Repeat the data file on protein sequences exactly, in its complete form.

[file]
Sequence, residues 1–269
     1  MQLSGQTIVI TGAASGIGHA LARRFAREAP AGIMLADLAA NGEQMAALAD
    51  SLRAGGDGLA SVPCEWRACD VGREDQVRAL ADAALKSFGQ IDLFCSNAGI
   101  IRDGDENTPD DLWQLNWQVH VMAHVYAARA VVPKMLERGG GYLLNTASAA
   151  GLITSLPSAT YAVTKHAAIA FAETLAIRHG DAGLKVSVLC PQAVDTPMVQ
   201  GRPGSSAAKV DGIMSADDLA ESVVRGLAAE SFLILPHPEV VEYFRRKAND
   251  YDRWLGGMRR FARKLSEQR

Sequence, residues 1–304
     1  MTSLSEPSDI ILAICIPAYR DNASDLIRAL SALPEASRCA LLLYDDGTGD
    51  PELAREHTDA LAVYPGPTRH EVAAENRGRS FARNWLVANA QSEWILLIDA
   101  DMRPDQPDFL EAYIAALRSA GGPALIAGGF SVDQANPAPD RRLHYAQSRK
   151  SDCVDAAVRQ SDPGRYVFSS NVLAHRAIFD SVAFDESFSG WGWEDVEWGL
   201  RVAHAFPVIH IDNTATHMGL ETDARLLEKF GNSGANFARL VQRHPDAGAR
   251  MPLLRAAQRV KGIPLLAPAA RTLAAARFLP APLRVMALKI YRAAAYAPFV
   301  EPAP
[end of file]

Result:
Sequence, residues 1–269
     1  MQLSGQTIVI TGAASGIGHA LARRFAREAP AGIMLADLAA NGEQMAALAD
    51  SLRAGGDGLA SVPCEWRACD VGREDQVRAL ADAALKSFGQ IDLFCSNAGI
   101  IRDGDENTPD DLWQLNWQVH VMAHVYAARA VVPKMLERGG GYLLNTASAA
   151  GLITSLPSAT YAVTKHAAIA FAETLAIRHG DAGLKVSVLC PQAVDTPMVQ
   201  GRPGSSAAKV DGIMSADDLA ESVVRGLAAE SFLILPHPEV VEYFRRKAND
   251  YDRWLGGMRR FARKLSEQR

Sequence, residues 1–304
     1  MTSLSEPSDI ILAICIPAYR DNASDLIRAL SALPEASRCA LLLYDDGTGD
    51  PELAREHTDA LAVYPGPTRH EVAAENRGRS FARNWLVANA QSEWILLIDA
   101  DMRPDQPDFL EAYIAALRSA GGPALIAGGF SVDQANPAPD RRLHYAQSRK
   151  SDCVDAAVRQ SDPGRYVFSS NVLAHRAIFD SVAFDESFSG WGWEDVEWGL
   201  RVAHAFPVIH IDNTATHMGL ETDARLLEKF GNSGANFARL VQRHPDAGAR
   251  MPLLRAAQRV KGIPLLAPAA RTLAAARFLP APLRVMALKI YRAAAYAPFV
   301  EPAP